//otherwise it'll wait y seconds and do its job once and stop
we.setRepeats(boolean x);

Maybe you'll have some problems accesing variables inside the inner actionlistener, the compiller will say that you need to declare the variable final) But you can make your own class then add any variable you may need as global and make them point to anyother variable that you may need to use inside the actionlistener

Something else that you should consider is that  if your going to put some animation lets say.. inside your game loop then you have to tell it that when your timer starts running don't start it again anymore otherwise it'll make it start over and over again causing undesired behavor, you can use a boolean for that purpose or access the timer method isRunning().


Offline h3ckboy

JGO Coder


Medals: 5



« Reply #5 - Posted 2009-07-26 20:36:04 »

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double lastWhatever;
//blablabla

if(System.currentTimeMillis()-lastWhatever = 1000*(however long you want(seconds)))
{
//whatever you want to do
lastWhatever = System.currentTimeMillis();
}

I know this is crude but it has worked for me so far. Of Course I am counting on a main loop so this gets called every once and a while.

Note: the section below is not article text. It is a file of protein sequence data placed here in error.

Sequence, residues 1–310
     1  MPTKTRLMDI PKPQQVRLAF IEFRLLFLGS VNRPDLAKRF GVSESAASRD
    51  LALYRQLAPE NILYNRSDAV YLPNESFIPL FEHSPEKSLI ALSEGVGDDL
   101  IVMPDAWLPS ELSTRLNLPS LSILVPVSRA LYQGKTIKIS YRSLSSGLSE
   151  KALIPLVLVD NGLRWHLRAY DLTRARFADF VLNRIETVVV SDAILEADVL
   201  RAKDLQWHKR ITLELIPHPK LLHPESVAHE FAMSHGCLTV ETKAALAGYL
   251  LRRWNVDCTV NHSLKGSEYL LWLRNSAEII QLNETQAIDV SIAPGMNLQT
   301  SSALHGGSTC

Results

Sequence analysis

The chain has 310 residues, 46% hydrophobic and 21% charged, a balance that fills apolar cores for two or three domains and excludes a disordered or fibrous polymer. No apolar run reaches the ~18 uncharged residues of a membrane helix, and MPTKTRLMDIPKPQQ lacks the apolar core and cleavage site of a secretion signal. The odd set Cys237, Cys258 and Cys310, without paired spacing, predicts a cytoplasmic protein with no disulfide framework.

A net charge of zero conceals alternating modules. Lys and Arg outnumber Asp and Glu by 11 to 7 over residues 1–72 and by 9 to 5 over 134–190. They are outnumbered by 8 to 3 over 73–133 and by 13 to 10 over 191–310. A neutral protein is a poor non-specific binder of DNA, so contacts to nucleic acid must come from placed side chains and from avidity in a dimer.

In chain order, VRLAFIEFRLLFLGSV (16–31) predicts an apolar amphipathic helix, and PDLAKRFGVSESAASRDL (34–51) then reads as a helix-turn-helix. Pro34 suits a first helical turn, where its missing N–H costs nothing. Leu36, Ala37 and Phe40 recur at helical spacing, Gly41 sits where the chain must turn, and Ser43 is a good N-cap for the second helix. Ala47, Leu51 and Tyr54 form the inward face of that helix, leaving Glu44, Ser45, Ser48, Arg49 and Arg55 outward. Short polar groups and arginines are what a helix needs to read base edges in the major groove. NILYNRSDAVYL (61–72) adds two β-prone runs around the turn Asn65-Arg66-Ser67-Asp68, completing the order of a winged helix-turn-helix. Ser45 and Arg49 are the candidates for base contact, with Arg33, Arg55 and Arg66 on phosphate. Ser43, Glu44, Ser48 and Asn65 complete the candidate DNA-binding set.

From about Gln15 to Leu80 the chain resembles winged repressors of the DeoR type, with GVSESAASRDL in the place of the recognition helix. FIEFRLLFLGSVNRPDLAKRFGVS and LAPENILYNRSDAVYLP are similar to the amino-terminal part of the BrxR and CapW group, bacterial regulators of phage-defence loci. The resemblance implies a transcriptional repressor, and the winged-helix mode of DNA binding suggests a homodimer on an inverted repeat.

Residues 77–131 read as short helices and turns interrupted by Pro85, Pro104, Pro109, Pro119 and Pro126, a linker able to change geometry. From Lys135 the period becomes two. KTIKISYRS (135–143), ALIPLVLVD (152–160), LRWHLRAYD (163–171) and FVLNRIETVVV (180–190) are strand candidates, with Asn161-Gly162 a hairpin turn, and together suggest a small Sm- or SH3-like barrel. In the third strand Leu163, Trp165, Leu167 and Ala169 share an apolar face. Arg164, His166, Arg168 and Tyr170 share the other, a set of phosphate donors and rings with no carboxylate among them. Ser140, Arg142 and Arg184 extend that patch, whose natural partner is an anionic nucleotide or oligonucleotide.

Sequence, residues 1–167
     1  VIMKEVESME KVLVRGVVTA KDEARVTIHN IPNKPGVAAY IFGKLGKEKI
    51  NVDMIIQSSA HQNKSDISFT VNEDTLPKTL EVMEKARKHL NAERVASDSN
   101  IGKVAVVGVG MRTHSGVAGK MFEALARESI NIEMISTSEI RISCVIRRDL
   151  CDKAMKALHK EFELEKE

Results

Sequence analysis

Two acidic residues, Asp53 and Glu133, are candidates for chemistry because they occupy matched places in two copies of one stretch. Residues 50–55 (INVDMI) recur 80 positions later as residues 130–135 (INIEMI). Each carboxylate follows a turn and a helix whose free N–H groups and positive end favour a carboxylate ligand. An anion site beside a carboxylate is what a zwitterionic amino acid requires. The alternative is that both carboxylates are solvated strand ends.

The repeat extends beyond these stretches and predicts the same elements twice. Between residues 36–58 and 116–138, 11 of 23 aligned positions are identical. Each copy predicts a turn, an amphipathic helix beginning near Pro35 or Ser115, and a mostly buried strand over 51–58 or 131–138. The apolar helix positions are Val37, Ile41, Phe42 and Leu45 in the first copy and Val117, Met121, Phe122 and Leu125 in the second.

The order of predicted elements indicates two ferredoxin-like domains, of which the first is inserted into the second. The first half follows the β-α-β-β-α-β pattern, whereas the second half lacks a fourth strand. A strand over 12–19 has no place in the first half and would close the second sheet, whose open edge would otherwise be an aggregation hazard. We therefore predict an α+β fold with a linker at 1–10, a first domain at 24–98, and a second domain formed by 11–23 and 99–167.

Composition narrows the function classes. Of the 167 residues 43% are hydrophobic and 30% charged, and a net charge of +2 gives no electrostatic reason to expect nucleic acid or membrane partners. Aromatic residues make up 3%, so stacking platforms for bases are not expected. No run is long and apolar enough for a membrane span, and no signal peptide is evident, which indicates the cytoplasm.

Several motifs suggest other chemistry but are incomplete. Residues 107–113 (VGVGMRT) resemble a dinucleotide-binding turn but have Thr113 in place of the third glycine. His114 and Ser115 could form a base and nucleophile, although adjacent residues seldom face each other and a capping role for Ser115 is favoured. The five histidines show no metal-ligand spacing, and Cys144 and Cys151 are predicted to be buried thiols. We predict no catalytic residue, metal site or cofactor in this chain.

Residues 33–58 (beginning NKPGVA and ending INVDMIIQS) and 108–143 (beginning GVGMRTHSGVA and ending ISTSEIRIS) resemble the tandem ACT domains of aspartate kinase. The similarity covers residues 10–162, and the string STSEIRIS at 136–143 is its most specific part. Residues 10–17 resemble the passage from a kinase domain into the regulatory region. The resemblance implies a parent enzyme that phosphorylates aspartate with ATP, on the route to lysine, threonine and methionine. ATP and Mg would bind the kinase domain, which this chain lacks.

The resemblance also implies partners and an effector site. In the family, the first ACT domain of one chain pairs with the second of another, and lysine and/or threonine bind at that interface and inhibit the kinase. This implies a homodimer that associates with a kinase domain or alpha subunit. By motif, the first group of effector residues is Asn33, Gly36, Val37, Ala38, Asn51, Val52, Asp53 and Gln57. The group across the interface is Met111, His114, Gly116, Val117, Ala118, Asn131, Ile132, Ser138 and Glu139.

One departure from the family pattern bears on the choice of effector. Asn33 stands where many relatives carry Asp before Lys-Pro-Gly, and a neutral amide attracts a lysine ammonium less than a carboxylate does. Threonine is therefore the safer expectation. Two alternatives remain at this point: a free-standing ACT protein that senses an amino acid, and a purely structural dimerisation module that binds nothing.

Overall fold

Offline fermixx

Senior Newbie





« Reply #6 - Posted 2009-08-15 04:01:30 »

I know this is crude but it has worked for me so far. Of Course I am counting on a main loop so this gets called every once and a while.


same here.

anyways its a pitty that it has to be checked like 100 times per second. if i want to make things to happen every 10 minutes (600 seconds), it is checked 60000 times wasting time for nothing...

Sad

RTS game or a big rock-paper-sissors ?
Offline markmistry

Junior Member





« Reply #7 - Posted 2009-08-15 11:00:05 »

thats why i like the thread approach totally independant of game loop

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try{  
     Thread.sleep(1000);
}
           
catch (InterruptedException e) {

      e.printStackTrace();
}